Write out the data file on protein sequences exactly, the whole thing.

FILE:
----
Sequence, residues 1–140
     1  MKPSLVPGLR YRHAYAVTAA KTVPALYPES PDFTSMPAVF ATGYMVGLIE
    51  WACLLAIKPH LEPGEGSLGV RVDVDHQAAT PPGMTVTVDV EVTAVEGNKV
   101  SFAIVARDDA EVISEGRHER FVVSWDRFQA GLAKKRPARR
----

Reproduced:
Sequence, residues 1–140
     1  MKPSLVPGLR YRHAYAVTAA KTVPALYPES PDFTSMPAVF ATGYMVGLIE
    51  WACLLAIKPH LEPGEGSLGV RVDVDHQAAT PPGMTVTVDV EVTAVEGNKV
   101  SFAIVARDDA EVISEGRHER FVVSWDRFQA GLAKKRPARR